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If need is driving all of your recruiting decisions, you may be compromising.

We’re in a tricky situation with hiring tech talent today. You know you’re going to need to bring tech talent onboard, but you don’t always know exactly when or exactly how much of it. With unemployment hitting a 50-year low at 3.5%, and tech unemployment even lower at 2.4%, the talent pool is already shallow. So, when we’re ready to hire, it often feels like slim pickings.

This news comes as no surprise, as we are all aware of current tech talent supply and demand. Open tech job postings in the U.S. were up 32% year-over-year for January –June, practically every non-tech company is recruiting for tech talent, and the struggle is now geographically indifferent with more tech professionals starting to leave Silicon Valley. Despite our knowledge of the situation, though, most of us don’t have an ongoing recruiting strategy to manage to these challenges. Instead, we wait until the need arises and then start the hiring process, hoping for the best. This approach often leads to knee-jerk decisions, bad hires and the inability to fill a position altogether.

Spontaneity isn’t always a good thing

So why do most of us wait until we have a talent need to fill? After all, necessity is the mother of invention, and need often changes behavior for the better. But if need is driving all your recruiting decisions, you may be compromising.

As a tech leader, you’re right if you’re thinking you don’t have a lot of time to look. Rely on those around you to help cultivate a qualified talent pool.

Know the types of skills your company needs, and then see what kind of talent is out there. You already know the projects in the pipeline. There are likely several skill sets that you know you’ll need, regardless of the project that gets green-lighted next. Make a note of any more specialized skill sets found in proposals or projects you know will be kicking off soon.

To keep you connected to these talent needs, block off one hour every few weeks for pipeline building and recruitment strategy, and rally your team to help. Set calendar meetings and stick to them. Yes, you can spend the time reviewing candidates on your own, but you can also make it a group meeting to hold you accountable. I’ve found that very few teams set aside time for manpower planning. It doesn’t have to be anything formal. Discussions should include who people know that can help recruit certain skill sets, what relationships they have with outside tech resources, and who they can identify as an asset to the project. Encourage conversations about the challenges they’re experiencing finding talent and share success stories of when qualified talent was identified in the past.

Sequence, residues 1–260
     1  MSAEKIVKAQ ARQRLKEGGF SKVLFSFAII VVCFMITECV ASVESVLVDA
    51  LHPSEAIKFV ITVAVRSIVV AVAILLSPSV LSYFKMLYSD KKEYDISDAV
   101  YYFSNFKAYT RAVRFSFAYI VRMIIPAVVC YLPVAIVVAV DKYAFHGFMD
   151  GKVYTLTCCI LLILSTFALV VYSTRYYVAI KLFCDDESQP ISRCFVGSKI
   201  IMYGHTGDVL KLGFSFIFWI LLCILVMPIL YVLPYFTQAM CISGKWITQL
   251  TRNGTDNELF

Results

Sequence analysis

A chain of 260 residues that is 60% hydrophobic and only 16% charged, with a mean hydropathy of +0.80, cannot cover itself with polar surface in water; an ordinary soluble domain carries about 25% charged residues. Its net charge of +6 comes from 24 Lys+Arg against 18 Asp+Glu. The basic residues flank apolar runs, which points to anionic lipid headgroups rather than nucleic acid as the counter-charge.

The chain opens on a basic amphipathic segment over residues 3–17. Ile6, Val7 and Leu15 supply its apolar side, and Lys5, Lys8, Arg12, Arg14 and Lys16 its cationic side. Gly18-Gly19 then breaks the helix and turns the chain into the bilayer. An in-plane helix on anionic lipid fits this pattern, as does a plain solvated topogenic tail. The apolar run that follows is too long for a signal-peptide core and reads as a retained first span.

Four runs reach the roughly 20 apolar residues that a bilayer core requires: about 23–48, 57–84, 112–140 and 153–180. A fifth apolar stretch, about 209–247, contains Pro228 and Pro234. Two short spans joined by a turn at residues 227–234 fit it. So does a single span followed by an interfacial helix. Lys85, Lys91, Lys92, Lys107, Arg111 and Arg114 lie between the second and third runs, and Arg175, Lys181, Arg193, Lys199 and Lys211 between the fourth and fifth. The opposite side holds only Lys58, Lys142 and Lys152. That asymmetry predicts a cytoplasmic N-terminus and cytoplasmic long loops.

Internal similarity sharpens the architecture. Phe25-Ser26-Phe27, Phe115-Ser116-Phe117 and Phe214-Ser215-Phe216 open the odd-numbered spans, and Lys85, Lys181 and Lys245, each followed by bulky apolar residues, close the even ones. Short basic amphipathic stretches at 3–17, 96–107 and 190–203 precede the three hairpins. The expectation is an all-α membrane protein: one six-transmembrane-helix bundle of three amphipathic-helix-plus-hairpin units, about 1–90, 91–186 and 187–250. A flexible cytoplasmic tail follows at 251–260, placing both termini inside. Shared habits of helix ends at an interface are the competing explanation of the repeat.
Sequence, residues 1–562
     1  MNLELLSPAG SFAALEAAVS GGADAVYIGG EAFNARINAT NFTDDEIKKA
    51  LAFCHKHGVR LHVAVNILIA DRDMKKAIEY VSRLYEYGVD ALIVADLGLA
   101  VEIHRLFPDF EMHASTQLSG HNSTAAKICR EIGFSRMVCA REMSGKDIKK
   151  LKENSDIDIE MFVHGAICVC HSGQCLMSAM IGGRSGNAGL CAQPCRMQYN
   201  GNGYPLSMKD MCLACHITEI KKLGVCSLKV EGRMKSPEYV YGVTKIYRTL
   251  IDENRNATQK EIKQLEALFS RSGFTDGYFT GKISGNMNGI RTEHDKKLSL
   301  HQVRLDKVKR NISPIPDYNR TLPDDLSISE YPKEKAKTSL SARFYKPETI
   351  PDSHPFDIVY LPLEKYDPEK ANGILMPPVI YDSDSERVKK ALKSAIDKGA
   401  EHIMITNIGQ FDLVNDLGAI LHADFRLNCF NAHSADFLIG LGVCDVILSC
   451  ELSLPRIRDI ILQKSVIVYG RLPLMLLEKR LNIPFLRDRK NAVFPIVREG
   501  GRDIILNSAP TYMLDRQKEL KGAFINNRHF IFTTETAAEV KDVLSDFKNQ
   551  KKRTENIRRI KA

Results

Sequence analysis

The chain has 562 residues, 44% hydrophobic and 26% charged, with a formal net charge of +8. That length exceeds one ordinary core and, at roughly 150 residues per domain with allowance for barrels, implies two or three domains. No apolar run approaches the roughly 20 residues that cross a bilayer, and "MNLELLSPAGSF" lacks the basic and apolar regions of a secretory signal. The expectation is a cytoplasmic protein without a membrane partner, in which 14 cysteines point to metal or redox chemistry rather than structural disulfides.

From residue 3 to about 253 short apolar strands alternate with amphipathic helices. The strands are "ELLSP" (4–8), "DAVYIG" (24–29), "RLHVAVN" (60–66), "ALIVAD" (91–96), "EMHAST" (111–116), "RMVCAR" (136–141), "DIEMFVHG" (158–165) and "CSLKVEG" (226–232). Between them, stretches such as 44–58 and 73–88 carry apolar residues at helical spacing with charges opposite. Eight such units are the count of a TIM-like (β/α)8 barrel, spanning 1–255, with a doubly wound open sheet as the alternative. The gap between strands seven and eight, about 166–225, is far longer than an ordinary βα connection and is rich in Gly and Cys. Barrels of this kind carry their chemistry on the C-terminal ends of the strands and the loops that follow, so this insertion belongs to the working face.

All team members should be keeping an eye out on LinkedIn, at industry conferences and networking events, taking note of potential candidates. Even unsolicited resumes warrant an initial vet and can be easily filed until the need arises. Everyone is a talent scout, so engage your whole team in the recruitment process. It’s a to-do for the c-suite as well as every member of the project team.

You can also work with a recruiting partner whose job it is to continually keep talent in front of you, even when you’re not actively hiring. Regardless of how you build your database and network of candidates, the most important thing is to have one. Get into the mindset of always being aware of what talent is out there and keep up with it. Fill your pipeline so you’re ready to move when the time comes.

The best doesn’t always come to those who wait

For those who delay, when hiring finally does take precedence, it becomes a problem and not just a priority. Along with the inefficiencies of haphazard scrambling to find talent, it may also mean paying higher rates or salaries for the talent you really need or hiring a candidate who doesn’t check all of your boxes.

Put in place a proactive, ongoing hiring strategy before you have the need to make your next hire. With a plan, you mitigate risks and can move quickly. Those who have a strategy will have better options and make better hiring decisions. Preparing to acquire talent can truly tip the scales for success.

How to avoid a knee- jerk hiring strategy originally appeared on